Aptamers (from the Latin aptus - fit, and Greek meros - part) are oligonucleotide or peptide molecules that bind to a specific target molecule. Aptamers are usually created by selecting them from a large random sequence pool, but natural aptamers also exist in riboswitches. Aptamers can be used for both basic research and clinical purposes as macromolecular drugs. Aptamers can be combined with ribozymes to self-cleave in the presence of their target molecule. These compound molecules have additional research, industrial and clinical applications.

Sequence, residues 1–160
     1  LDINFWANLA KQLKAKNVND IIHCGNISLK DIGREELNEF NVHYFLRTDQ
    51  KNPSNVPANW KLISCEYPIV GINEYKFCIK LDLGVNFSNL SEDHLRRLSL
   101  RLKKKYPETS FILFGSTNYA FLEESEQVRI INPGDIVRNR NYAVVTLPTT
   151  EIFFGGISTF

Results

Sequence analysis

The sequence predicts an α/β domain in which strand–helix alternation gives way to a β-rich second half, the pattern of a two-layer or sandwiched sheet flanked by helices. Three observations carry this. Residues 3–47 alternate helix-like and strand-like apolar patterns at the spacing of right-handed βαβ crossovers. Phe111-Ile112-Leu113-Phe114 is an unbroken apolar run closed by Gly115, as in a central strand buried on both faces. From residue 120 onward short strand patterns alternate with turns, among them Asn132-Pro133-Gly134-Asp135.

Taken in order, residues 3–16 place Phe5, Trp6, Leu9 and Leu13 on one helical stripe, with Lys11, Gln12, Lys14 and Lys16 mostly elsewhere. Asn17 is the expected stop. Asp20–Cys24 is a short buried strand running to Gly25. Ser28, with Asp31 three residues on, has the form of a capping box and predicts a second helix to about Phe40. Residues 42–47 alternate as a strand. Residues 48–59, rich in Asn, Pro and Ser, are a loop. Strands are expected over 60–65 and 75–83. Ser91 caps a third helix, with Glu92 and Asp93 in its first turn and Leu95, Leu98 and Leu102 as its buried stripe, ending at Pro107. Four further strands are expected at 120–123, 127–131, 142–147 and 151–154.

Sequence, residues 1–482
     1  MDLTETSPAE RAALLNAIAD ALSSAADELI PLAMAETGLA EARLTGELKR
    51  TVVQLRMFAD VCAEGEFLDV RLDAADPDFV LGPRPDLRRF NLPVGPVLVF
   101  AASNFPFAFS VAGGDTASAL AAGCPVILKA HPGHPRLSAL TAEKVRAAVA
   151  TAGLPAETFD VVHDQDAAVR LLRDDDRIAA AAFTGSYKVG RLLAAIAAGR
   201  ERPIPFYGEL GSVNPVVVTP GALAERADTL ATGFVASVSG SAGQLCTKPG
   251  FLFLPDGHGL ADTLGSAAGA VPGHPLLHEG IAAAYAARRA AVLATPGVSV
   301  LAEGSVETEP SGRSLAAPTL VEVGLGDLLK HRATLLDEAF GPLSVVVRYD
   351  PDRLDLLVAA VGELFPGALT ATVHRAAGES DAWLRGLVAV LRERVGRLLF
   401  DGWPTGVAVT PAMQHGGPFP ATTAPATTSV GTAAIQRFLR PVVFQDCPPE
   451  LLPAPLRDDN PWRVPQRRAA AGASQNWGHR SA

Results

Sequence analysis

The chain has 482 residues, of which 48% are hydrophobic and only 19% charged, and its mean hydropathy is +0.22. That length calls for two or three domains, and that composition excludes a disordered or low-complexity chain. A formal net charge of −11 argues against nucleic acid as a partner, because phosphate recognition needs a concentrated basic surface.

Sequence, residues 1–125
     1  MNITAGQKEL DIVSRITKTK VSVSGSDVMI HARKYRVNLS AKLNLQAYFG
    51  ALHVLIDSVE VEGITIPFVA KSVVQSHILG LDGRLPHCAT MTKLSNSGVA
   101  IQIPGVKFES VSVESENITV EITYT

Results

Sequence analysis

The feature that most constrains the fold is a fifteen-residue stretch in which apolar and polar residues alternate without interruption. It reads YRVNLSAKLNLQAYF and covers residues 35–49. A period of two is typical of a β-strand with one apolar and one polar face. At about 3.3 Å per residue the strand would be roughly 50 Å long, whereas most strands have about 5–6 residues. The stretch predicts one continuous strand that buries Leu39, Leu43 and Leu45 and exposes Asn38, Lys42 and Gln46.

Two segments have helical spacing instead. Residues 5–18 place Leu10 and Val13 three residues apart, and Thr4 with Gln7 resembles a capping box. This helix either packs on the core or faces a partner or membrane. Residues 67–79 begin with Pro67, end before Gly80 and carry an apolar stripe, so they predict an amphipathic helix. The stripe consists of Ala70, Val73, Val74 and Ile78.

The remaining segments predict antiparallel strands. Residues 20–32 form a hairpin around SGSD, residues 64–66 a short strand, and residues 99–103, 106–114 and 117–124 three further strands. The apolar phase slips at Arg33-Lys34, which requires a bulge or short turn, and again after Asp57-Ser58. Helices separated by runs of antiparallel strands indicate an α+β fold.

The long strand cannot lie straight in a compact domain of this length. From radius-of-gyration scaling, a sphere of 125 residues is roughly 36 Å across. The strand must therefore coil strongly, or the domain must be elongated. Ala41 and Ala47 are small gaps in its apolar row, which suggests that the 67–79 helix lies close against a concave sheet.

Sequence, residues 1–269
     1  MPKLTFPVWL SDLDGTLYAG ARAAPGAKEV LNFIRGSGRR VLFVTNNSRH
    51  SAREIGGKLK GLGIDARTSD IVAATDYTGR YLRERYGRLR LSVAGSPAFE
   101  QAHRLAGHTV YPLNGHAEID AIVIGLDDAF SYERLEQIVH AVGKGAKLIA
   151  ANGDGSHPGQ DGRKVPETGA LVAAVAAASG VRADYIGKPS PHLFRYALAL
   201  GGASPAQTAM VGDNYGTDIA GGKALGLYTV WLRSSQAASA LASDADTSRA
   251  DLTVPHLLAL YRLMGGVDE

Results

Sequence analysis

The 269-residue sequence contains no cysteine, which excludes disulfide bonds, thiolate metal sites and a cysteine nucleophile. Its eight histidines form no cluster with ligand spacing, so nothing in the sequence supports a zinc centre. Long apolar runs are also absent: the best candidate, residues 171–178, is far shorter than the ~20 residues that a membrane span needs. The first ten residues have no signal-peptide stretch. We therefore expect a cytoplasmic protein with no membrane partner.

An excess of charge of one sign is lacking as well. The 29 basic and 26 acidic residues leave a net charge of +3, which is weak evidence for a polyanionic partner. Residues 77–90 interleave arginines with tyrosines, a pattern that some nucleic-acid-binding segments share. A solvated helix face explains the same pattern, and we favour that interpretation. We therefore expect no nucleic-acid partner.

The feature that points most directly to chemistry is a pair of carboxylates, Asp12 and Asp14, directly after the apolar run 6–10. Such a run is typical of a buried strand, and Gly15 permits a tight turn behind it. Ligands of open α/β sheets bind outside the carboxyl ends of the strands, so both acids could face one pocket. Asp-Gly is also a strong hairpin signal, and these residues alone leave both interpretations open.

More specifically, aptamers can be classified as:
DNA or RNA or XNA aptamers. They consist of (usually short) strands of oligonucleotides. Peptide aptamers. They consist of a short variable peptide domain, attached at both ends to a protein scaffold.